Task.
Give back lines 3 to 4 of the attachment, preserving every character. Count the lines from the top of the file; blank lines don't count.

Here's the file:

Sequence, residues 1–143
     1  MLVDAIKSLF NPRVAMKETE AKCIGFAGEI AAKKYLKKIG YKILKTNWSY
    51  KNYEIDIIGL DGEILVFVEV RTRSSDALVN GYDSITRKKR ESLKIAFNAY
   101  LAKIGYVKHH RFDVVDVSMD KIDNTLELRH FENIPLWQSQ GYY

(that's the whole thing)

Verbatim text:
    51  KNYEIDIIGL DGEILVFVEV RTRSSDALVN GYDSITRKKR ESLKIAFNAY
   101  LAKIGYVKHH RFDVVDVSMD KIDNTLELRH FENIPLWQSQ GYY